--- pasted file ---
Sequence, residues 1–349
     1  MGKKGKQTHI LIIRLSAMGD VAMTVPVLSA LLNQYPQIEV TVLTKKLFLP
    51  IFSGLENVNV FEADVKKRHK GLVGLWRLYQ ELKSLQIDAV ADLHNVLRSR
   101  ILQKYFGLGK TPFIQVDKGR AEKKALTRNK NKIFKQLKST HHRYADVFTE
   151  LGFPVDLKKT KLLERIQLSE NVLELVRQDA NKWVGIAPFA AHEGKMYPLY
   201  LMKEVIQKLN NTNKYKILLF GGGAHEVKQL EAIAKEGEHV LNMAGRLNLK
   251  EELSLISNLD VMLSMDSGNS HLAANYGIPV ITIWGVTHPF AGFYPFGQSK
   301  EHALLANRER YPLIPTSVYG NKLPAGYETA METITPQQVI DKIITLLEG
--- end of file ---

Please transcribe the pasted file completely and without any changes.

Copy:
Sequence, residues 1–349
     1  MGKKGKQTHI LIIRLSAMGD VAMTVPVLSA LLNQYPQIEV TVLTKKLFLP
    51  IFSGLENVNV FEADVKKRHK GLVGLWRLYQ ELKSLQIDAV ADLHNVLRSR
   101  ILQKYFGLGK TPFIQVDKGR AEKKALTRNK NKIFKQLKST HHRYADVFTE
   151  LGFPVDLKKT KLLERIQLSE NVLELVRQDA NKWVGIAPFA AHEGKMYPLY
   201  LMKEVIQKLN NTNKYKILLF GGGAHEVKQL EAIAKEGEHV LNMAGRLNLK
   251  EELSLISNLD VMLSMDSGNS HLAANYGIPV ITIWGVTHPF AGFYPFGQSK
   301  EHALLANRER YPLIPTSVYG NKLPAGYETA METITPQQVI DKIITLLEG